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Americans struggle to make sense of spill

UPDATE 1:05 p.m.: Reuters has released details of its Ipsos poll. It indicates that 56 percent of Americans believe offshore drilling is still necessary. Looked at another way, it says, "69 percent have not changed their views on drilling despite the spill."

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A new round of polls this week show that even after nine weeks, Americans still haven't reached much of a consensus on the Gulf oil spill, except that BP is bad.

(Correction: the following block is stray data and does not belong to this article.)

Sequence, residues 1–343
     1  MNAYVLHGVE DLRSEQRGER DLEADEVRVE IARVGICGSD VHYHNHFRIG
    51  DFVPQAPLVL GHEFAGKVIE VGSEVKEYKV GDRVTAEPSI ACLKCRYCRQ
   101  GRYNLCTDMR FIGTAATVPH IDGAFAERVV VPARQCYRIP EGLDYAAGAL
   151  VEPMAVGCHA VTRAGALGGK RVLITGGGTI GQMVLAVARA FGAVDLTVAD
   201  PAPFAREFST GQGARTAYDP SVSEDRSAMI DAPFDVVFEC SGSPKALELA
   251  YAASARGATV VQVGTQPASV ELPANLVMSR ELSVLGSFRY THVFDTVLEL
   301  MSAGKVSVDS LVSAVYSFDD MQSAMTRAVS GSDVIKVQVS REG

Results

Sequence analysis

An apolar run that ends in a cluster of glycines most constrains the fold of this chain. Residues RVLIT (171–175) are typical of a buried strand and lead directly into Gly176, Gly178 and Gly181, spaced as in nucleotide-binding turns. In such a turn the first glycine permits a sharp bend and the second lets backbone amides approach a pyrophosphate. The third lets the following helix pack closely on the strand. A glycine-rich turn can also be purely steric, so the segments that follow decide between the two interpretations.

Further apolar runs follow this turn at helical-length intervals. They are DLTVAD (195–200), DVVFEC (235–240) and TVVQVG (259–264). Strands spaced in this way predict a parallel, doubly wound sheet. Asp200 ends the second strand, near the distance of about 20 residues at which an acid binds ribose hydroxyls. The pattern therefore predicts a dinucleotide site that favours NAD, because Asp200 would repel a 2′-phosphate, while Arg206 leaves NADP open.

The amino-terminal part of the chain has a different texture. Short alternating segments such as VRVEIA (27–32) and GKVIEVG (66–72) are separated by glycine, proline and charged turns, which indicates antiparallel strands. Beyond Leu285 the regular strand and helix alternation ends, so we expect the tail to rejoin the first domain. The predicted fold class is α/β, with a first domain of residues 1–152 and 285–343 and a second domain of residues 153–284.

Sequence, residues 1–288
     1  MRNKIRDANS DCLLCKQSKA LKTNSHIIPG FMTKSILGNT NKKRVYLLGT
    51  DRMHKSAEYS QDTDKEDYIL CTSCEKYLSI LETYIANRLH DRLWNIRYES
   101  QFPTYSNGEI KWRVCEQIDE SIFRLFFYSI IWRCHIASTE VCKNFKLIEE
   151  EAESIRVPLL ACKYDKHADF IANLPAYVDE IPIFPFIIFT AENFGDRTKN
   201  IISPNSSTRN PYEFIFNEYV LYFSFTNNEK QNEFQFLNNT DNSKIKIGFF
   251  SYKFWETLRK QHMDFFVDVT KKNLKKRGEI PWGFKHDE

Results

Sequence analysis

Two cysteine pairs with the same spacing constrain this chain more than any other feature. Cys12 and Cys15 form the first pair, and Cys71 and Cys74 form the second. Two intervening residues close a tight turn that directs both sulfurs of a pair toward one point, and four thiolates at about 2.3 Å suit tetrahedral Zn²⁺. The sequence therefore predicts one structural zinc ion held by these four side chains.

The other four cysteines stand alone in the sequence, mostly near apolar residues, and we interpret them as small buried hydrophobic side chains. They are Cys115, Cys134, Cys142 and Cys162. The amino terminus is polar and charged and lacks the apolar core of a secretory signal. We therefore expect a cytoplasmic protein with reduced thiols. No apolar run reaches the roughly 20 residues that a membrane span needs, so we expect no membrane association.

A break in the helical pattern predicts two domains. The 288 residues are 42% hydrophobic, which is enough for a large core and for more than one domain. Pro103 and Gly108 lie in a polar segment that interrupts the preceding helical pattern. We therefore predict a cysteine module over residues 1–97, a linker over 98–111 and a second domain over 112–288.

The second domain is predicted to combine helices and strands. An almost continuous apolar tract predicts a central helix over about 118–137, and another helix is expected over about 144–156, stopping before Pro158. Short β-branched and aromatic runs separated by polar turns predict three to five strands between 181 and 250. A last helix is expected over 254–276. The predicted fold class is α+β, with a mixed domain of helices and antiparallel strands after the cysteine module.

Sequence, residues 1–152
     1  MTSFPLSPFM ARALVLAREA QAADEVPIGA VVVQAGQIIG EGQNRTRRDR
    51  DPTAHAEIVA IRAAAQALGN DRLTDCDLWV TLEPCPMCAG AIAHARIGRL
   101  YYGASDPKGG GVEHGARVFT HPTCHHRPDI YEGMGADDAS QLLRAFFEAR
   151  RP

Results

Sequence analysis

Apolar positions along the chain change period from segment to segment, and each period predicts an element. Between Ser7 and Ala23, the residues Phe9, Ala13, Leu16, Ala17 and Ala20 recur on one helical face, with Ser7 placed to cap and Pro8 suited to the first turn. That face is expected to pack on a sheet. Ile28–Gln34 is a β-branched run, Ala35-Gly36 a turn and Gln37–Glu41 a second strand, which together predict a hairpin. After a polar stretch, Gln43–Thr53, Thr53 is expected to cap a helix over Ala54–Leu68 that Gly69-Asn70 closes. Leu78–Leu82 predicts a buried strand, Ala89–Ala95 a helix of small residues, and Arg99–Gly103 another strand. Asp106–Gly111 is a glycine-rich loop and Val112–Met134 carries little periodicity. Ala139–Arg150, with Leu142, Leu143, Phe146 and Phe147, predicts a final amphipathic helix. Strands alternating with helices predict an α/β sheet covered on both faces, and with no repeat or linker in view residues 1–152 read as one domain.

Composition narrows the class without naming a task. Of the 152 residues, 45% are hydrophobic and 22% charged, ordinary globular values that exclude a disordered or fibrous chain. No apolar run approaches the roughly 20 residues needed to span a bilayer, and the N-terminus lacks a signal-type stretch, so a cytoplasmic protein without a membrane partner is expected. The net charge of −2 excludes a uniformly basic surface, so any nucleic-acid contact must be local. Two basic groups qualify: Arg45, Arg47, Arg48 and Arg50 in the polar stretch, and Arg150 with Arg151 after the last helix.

A Gallup daily tracking report released last night show the public is still just about split on President Obama's handling of the response, with 44 percent approving his performance. That's basically unchanged from early June.

A New York Times/CBS poll out today indicates that 49 percent of Americans oppose increasing offshore oil drilling, while 42 percent approve. But Reuters says it's about to report a poll it conducted with Ipsos North America that shows "a majority of Americans" still support offshore drilling on the U.S. coastline.

Reuters gives no numbers yet, so we don't know how far apart the Ipsos and NYT/CBS polls are.

One thing nearly everyone agrees on: Blame BP. Only 16 percent approve of BP's handling of the spill in the Gallup poll; it's in single digits in the Ipsos poll.

We'll post details of the Ipsos poll once it and Reuters release the data.

— Alex Johnson